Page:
poorest countries in Africa


Uganda is of the poorest nations in the world. The country’s total GDP accounting for $33.57 billion, along with a $828.06 GDP per capita is tough to overcome for the 45.74 million living there. Uganda is one of the largest countries in Africa in terms of population, but they have a hard time getting out of severe poverty. However, the country has witnessed a recent change in the economy, thanks in large part to the protection of the natural resources of the country.

In 1992, 56% of the country’s population was under the poverty line of $1.25 a day. In recent years that number has been reduced to around 25%. Government officials are still hopeful that in the coming years they will reach their goal of reducing the number of poor in its population to 10%.

There was a big push in the 1980s to make Uganda economically liberalized, but that has diminished over the years. They continue to look for answers that will help get so many out of a life of poverty. As during 2019 The Ugandan economy reported a strong growth, estimated at 6.3%. Largely driven by the expansion of services sectors, and industrial sectors (mostly construction and mining).

The Democratic Republic of Congo

The Democratic Republic of Congo has a mixture of economic sectors such as mining, fishing, forestry, agriculture, and copper and cobalt. While the country’s total GDP of $48.46 billion may seem high in comparison to other African countries, but that is mostly do to it’s large population.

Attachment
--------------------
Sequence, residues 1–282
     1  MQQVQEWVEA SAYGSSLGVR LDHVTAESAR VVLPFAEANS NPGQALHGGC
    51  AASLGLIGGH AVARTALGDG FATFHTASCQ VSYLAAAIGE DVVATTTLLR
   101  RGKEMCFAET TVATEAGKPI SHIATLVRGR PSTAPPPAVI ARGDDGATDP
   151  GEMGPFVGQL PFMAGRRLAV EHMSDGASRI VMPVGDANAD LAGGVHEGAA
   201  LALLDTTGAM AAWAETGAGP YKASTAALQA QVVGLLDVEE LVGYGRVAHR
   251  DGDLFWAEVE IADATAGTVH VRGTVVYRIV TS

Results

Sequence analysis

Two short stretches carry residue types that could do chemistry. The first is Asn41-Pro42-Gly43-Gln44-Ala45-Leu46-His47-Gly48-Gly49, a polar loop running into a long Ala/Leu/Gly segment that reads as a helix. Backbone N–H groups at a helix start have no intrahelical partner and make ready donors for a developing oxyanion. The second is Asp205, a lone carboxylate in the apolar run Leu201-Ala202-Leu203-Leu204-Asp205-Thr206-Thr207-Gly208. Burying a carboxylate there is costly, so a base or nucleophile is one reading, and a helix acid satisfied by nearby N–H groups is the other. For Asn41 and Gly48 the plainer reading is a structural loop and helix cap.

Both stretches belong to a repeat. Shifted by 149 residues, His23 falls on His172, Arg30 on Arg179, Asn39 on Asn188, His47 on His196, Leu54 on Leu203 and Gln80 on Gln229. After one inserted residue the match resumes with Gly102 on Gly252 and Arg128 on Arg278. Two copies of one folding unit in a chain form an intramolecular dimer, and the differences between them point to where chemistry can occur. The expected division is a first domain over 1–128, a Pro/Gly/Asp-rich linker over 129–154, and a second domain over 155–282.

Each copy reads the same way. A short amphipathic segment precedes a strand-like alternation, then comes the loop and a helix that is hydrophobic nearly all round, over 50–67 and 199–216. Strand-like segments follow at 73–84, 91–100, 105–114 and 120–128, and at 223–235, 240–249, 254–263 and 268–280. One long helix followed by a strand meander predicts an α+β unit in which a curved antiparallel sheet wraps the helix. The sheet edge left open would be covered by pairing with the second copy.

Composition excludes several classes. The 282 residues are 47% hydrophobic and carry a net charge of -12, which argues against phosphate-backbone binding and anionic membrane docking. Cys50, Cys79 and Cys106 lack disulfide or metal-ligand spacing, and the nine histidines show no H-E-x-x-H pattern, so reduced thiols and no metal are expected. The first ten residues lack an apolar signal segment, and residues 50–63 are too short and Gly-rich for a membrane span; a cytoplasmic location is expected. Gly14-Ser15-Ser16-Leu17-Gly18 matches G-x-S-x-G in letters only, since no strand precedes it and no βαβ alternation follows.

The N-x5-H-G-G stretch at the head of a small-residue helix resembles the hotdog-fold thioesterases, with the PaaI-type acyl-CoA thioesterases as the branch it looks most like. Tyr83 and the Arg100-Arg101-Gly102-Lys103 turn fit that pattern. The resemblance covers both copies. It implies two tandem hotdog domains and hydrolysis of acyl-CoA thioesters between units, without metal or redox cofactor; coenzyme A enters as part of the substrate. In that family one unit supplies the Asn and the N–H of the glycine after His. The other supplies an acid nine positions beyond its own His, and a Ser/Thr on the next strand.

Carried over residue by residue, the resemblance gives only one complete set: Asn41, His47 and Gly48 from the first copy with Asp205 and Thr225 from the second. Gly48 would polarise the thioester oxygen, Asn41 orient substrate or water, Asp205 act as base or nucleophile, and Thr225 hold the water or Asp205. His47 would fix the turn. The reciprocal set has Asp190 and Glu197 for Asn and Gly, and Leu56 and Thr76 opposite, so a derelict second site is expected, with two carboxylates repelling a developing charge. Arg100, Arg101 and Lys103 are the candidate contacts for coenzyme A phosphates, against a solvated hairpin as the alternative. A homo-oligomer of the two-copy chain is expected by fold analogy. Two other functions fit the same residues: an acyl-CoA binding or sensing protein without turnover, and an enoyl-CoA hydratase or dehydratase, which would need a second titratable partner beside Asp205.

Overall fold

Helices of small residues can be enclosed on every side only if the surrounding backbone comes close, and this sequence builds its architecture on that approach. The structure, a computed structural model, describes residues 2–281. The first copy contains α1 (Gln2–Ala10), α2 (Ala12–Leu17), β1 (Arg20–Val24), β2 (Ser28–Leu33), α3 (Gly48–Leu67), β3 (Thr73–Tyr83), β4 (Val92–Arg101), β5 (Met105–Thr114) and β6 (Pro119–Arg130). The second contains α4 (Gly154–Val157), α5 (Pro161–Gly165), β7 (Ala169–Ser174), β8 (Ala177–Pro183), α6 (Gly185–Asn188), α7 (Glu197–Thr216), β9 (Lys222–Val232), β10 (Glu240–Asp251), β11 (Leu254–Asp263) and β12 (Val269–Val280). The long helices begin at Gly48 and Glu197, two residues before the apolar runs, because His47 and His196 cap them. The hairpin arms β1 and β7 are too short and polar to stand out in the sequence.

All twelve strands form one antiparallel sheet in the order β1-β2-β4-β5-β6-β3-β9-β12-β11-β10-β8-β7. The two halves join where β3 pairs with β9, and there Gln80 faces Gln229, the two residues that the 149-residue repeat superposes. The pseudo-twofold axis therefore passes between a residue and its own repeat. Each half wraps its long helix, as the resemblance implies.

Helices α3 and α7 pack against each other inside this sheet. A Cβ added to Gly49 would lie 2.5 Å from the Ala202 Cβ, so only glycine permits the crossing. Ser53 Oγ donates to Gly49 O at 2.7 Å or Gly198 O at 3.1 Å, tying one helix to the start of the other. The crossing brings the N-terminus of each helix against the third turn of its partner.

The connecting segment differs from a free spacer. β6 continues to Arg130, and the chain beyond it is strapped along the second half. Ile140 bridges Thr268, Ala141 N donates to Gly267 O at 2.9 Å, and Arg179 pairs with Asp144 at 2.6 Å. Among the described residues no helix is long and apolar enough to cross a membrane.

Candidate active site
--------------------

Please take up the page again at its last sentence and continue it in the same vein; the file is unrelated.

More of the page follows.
With 89.56 million people living in the country, it bring the GDP per capita figure to an astounding low of $495.08. This places the country in the top ten poorest countries in Africa by that metric. Nonetheless, this country is a perfect example of a mixed economy that is trying to build towards the future.
According to the African Development Bank Group, growth dropped from 5.8% in 2018 to 4.3% in 2019, due to a slowdown in extractives, the economy’s main driver despite a fall in the price of some raw materials (copper and cobalt). Agriculture has suffered from low productivity while energy shortages have hindered industrialization efforts. Growth has been driven by domestic demand, particularly private investment and public consumption, contributing even more to the social-economics gaps in the country.



South Sudan

South Sudan is one of the poorest countries in Africa, with an economy that is weak and underdeveloped. South Sudan has a population of 11.2 million, with only about 24% of the population being literate. This makes it hard for the country to turn things around quickly.

Its GDP stands at $3.15 billion and GDP per capita is $235.52. Conditions in South Sudan are known to be very problematic. In most of the populated areas, there is no electricity and access to water suitable for drinking.


Niger is among the poorest countries in Africa, with a population of 24.2 million, GDP of $9.72 billion and a per capita GDP of $487.68. This puts them amongst the poorest countries in the world. Niger’s economy is based on agriculture (mainly subsistence agriculture), which provides jobs for most of its citizens, and its large uranium deposits, which is actually one of the largest in the world.